Part one of two…part two available tomorrow.
I came up with a challenge to all of you a couple weeks ago and now I’m going to report back what you all told me. I had a vision of a world with no rules in pharma marketing (please read that post first or this one won’t make much sense). I also asked you what you’d do in this imaginary world. The reason for writing the post was simple. I was trying to show that it really doesn’t matter if there are formal rules regulating what we do in pharma digital marketing. Specifically, I’m trying to get everyone past the notion that we need some sort of formal blessing or 937 pages of rules from the FDA before we can undertake many of the new digital marketing tactics available including social media marketing. That’s the number one reason I hear from companies who aren’t trying anything in social media: “We’re waiting for the FDA to publish guidelines on social media before we do anything.” Well, if that’s you, then my one piece of advice is this: settle in. You’re going to be waiting for a while.
Rules or no rules, I’ve talked with many pharma marketers who know the programs they’d love to do if only they were allowed. Many dream of doing something innovative in digital marketing. So today, I’m going to crush some of the dreams you’ve had for digital marketing. I’m going to try to show you why that one program you’ve always dreamed about isn’t likely to be all that effective. Sorry to do it, but you leave me no choice.
My point from my post was that it doesn’t matter if there are official rules or not, the market will dictate what you can and can’t do. As a recap, here was the warning I issued in my original post (click to read it now if you haven’t yet, as today’s post won’t make sense without it):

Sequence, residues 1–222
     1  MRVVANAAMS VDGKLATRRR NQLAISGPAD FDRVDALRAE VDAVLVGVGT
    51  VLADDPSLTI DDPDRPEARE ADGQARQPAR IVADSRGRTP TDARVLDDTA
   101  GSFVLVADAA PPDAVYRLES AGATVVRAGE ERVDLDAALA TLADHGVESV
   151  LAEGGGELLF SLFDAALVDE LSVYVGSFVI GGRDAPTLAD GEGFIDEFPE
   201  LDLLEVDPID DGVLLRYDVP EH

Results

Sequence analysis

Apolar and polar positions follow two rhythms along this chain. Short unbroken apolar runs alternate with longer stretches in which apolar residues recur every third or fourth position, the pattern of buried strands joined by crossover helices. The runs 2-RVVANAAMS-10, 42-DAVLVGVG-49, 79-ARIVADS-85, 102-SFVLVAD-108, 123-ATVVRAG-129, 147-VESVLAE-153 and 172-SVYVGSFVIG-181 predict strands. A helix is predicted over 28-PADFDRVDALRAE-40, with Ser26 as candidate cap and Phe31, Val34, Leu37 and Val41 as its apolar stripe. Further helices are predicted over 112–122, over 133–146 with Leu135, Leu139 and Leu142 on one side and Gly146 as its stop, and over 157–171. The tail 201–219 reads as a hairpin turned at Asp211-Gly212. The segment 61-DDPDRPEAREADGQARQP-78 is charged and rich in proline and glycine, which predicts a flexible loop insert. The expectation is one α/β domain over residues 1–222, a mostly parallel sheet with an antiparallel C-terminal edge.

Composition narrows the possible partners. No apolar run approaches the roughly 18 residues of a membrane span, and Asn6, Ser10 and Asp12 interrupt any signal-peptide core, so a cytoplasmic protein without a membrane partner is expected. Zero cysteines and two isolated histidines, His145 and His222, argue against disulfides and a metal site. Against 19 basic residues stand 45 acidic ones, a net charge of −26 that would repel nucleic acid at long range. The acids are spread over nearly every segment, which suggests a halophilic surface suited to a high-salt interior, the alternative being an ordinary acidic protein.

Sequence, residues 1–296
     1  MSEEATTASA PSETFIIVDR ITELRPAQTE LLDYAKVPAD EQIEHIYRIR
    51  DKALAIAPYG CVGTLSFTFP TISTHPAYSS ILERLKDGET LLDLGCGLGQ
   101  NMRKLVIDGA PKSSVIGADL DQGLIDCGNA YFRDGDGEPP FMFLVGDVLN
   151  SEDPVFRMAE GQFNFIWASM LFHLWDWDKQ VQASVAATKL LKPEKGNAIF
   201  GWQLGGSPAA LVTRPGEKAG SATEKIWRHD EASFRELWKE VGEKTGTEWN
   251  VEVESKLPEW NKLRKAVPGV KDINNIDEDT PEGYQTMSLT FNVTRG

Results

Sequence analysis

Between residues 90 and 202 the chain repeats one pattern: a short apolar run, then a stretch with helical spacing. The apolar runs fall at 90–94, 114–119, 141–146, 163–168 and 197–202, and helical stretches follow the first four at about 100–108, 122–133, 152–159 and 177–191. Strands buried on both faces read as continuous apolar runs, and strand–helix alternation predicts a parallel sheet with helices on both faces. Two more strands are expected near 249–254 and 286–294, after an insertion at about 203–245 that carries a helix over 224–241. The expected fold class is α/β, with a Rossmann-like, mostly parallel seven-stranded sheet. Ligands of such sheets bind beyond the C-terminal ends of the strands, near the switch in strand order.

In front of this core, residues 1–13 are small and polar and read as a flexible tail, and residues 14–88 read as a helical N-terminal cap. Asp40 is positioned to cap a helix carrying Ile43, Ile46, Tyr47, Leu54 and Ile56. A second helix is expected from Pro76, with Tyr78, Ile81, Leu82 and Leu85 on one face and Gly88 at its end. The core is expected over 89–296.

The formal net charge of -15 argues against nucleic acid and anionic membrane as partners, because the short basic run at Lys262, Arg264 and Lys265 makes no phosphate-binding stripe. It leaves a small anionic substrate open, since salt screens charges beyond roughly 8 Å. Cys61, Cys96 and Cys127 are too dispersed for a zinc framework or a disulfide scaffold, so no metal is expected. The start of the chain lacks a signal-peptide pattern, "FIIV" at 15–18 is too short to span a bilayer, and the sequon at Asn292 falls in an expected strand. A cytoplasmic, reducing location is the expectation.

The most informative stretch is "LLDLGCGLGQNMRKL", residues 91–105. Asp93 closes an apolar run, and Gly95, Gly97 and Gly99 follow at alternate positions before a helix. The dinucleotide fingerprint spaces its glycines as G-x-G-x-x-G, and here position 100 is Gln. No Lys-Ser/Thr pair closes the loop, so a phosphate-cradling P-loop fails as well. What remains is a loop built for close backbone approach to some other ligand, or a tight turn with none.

While there may not be any rules about what you can say, claim about your products, or do in promotion, there’s an unofficial regulatory body that still does exist. People. Patients, doctors, caregivers, researchers, payors, random pharma critics, and commentators/writers (like me). So, you can say whatever you want, but you’re going to be kept in check by all these people. They are the ones who are going to review what you do and decide what’s right and wrong. For those companies that take advantage of this lawless society, the people are going to react negatively. They’ll reject those that make exaggerated claims, those that mislead, and they’ll also reject programs and promotions that just don’t make any sense.
After this warning, I gave you all a survey to find out what you would do if there were no rules. No rules at all regarding what you could do with your digital marketing. Not just social media, anything digital. Here were the choices: Community on brand website, addition of user generated content, ratings and reviews, unbranded community, “enhanced” product claims, branded Twitter page, expanded search optimization, expanded disease state information, branded Facebook page, or brand blog. I also gave you a blank field if you wanted to put in your own idea.